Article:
From warming stripes to warming patches

Some weeks ago, and following the work of @ClimateLabBook, I produced a ‘warming stripes’ graph, illustrating the rise of temperature in Scotland in recent years.


Each stripe corresponds to a year, from 1910 on the left hand to 2017, and depicts variations in temperature. Intuitively, blue stripes show values under the average and red lines illustrate years with temperatures over the average. More saturated colours represent higher (or lower) temperatures, while shades of white correspond to temperature values close to the average.

A more complete graph can be produced if monthly average values of temperature are considered (instead of yearly figures). Following the same colour code used for the previous plot, a ‘warming patches’ map is created, illustrating for each particular month (e.g. January 2017) its variation of temperature with respect to historical records for that month (other Januaries).

The first line corresponds to January and the last one to December. And columns go from 1910 (left) to 2017.



Proximity of Scottish Heritage Buildings to Coast

The following map illustrates the proximity to coast of all the properties managed by Historic Environment Scotland. As can be seen, most of them obtained a score between 0,87 and 1, meaning that they can be directly (or indirectly) affected by their proximity to the sea.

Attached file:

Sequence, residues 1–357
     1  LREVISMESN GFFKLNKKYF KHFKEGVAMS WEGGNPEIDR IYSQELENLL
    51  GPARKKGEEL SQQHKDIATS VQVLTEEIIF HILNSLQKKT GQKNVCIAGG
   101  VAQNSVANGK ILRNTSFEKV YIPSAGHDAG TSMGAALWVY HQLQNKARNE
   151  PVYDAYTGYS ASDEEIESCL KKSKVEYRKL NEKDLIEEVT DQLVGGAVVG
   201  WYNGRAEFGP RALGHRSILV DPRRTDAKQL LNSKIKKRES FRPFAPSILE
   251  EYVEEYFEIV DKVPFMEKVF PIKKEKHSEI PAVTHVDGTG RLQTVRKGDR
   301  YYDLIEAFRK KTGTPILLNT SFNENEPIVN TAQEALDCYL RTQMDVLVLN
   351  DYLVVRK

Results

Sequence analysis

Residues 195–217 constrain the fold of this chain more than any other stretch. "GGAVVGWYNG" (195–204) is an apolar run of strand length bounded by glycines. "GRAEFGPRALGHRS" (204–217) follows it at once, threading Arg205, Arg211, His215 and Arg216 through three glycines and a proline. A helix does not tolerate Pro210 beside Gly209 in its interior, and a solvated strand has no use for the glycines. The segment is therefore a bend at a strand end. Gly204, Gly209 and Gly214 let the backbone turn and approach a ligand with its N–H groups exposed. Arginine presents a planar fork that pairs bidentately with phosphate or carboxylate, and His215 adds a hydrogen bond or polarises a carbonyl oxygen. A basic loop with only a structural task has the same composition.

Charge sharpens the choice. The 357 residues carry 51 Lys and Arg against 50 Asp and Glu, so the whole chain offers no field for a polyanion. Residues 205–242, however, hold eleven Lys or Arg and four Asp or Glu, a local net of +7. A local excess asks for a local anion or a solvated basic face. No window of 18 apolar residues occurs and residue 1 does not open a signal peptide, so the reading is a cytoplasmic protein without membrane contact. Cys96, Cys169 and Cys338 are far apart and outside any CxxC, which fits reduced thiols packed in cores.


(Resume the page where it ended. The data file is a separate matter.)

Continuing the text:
Extracting elevation values for buildings

In this post, a strategy to obtain the elevation of certain locations (i.e. buildings) is proposed.

First, a digital terrain model (DTM) is needed. In the example, the OS Terrain 50 has been used. This is a 50m gridded DTM, with 10m contours and spot heights, which is provided by the Ordnance Survey. In the next figure, the DTM for the Edinburgh area is shown.


Note that a ‘Merge‘ operation might be needed if the region of interest is covered by several DTMs.

After this operation, a Digital Elevation Model (DEM) is obtained after the DTM. This raster is created by means of the tool ‘Topo to Raster‘. In this example, an output cell size of 50m was used.


As illustrated in the DEM, the Arthur Seat, in Holyrood Park, is the highest area in Edinburgh. In the West part of the city, Hillwood Park is remarkable, as well as the Pentlands in the South.

Finally, elevations are extracted from the DEM for all the buildings/regions under study. In this case, the next figure shows the elevation of the properties managed by Historic Environment Scotland (HES) in Edinburgh, which have been extracted by means of ‘Extract multivalues to Points‘.